Tips for Safe International Travel

International travel presents its own particular challenges to your personal safety, and more of them. Many of us tend to have glamorous and romanticized visions of certain foreign cities and countries, even though we’re well aware of the good and bad in our own hometown. This is a dangerous indulgence when traveling abroad. There are good people and bad people wherever you go in the world, and you need to keep that in mind when planning your itinerary and accommodations. When we think of Paris, for example, we tend to think of the City of Light – home of the Eiffel Tower, the Louvre, charming sidewalk cafes, magnificent cathedrals, etc. While it is all of these things, it’s also got some very large parts of it which are squalid and dangerous. The same is equally true of London and other great cities around the world. In most places you’re pretty safe if you stay in the main tourist areas, but should you decide to wander off and do some exploring in out-of-the-way places, you could get into serious trouble. It’s always best in foreign countries, especially if you don’t speak the language, to stay with guided tours. Before embarking on your trip you should try to at least memorize some rudimentary phrases in the language, and take a translation or phrase book with you. No matter which language you speak, it’s best to avoid getting into sensitive discussions about politics, religion, etc. Foreigners are foreign, which means they’re different, and they won’t always agree with you. They may not appreciate you coming to their country and “blaspheming” their religion or “insulting” their leaders, even though you may have had no intention of doing so, and thought you were just having a friendly chat.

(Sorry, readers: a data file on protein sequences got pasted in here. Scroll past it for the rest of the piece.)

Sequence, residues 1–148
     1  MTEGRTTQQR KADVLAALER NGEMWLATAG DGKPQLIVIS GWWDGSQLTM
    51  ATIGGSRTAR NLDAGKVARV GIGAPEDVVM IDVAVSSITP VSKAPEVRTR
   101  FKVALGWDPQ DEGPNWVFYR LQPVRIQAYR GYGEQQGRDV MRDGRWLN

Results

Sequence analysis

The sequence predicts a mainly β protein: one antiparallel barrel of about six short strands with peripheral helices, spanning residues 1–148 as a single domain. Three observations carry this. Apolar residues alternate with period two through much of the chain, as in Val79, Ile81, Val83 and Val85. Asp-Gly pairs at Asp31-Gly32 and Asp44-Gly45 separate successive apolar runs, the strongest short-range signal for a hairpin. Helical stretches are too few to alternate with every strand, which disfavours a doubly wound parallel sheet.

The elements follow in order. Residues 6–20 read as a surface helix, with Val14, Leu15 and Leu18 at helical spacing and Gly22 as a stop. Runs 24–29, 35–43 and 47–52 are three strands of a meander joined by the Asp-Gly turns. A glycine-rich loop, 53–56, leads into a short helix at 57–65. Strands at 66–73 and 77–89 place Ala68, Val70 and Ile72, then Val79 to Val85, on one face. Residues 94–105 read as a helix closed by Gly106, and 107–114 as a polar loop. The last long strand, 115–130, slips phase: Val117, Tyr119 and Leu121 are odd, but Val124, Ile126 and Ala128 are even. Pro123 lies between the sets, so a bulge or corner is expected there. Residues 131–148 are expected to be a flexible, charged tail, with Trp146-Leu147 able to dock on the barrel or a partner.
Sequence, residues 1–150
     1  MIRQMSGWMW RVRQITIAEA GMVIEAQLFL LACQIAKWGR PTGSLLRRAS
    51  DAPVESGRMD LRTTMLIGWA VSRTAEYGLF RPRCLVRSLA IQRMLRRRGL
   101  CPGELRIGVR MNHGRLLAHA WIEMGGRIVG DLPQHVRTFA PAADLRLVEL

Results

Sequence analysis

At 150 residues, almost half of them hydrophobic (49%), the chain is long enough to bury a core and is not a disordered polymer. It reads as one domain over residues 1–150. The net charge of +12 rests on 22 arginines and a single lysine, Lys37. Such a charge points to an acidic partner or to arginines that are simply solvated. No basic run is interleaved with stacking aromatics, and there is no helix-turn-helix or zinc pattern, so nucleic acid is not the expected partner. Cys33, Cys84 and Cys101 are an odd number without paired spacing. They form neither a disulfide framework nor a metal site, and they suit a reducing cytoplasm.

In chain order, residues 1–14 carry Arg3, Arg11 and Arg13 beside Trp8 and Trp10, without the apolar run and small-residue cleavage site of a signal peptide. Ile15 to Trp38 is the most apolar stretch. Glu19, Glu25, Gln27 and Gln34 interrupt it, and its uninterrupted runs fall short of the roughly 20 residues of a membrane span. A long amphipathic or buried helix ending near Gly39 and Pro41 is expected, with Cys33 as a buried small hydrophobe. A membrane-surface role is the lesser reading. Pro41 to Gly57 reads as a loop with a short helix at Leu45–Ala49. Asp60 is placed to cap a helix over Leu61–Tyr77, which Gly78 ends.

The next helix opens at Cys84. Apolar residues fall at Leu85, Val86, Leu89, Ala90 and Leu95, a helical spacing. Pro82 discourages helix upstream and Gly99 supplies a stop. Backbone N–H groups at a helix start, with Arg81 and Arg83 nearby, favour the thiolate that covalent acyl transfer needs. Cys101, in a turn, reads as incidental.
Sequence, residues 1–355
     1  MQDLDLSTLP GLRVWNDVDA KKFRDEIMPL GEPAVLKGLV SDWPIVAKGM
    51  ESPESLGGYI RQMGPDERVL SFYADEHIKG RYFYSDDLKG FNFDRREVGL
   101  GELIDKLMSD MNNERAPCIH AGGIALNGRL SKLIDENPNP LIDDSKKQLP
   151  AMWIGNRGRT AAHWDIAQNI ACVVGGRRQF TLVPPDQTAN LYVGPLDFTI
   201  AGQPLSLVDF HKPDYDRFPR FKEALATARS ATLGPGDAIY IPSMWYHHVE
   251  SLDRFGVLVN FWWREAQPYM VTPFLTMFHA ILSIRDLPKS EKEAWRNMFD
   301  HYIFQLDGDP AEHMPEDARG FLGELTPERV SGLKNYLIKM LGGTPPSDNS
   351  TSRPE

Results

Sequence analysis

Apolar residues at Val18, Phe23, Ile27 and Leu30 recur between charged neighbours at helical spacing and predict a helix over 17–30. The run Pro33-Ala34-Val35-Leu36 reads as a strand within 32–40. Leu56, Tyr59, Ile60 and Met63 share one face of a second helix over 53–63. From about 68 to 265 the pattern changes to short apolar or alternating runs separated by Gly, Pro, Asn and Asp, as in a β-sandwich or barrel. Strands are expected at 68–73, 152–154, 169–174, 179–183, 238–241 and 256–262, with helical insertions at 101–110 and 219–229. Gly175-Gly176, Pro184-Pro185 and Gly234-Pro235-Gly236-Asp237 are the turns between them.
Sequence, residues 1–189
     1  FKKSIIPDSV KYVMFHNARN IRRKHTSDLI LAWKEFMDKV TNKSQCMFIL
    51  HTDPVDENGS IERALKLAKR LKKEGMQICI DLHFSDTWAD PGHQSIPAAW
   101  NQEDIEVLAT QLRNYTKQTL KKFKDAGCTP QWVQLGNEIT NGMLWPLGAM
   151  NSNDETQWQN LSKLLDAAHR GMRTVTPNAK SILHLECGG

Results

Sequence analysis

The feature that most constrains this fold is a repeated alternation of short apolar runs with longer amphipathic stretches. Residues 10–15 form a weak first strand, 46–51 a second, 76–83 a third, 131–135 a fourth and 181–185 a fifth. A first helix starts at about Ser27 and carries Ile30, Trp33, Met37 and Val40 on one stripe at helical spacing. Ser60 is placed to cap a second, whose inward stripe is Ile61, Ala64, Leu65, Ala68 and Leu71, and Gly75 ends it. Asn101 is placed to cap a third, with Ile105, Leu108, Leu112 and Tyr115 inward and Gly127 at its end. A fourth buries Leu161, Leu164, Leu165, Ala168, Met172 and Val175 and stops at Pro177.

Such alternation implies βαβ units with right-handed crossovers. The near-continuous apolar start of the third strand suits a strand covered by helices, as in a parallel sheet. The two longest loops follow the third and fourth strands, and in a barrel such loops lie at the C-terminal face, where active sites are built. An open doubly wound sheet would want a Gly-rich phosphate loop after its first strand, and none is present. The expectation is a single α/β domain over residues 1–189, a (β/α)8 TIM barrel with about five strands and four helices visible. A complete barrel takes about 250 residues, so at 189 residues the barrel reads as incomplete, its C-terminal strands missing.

In many countries America and Americans are resented by some people, for various reasons. So play it safe, and avoid contentious issues. There are many travel guide books available from libraries and bookstores for almost any place you’re thinking of traveling, and it’s always best to consult one when making vacation plans. These guides cover these topics in more detail. It’s also best to check with the US State Department to see if they’ve issued travel advisories for the country where you’re considering traveling. If they have, take it to heart. Many parts of the world are very dangerous places. For instance, Mexico is a particularly dangerous place, and the State Department regularly issues strongly worded advisories about the many serious dangers of traveling there. Yet many Americans will visit such places and have no idea of the threats to their personal safety. Don’t be one of them. When it comes to foreign travel and safety, you can never have too much information. And if it sounds too risky, don’t go.

SHORTCUTS TO TRAVEL SAFETY ARTICLES:

Travel Safety And General Nuisances
Travel Safety And Getting Ripped Off
Travel Safety And Going Off The Beaten Path
Travel Safety And Skiing And Snowboarding Safety
Travel Safety And Your Home
Travel Safety And Your Valuables
Personal Safety While Traveling
Travel Safety: The Car
Travel Safety: Benefits of a Cell Phone
Travel Safety: Benefits of a Global Positioning System
Travel Safety: Lodging
Travel Safety: Safety in the Hotel
Hotel Safety: Elevators and Stairwells
Tips for Safe International Travel
Utilizing News Sources to Stay Informed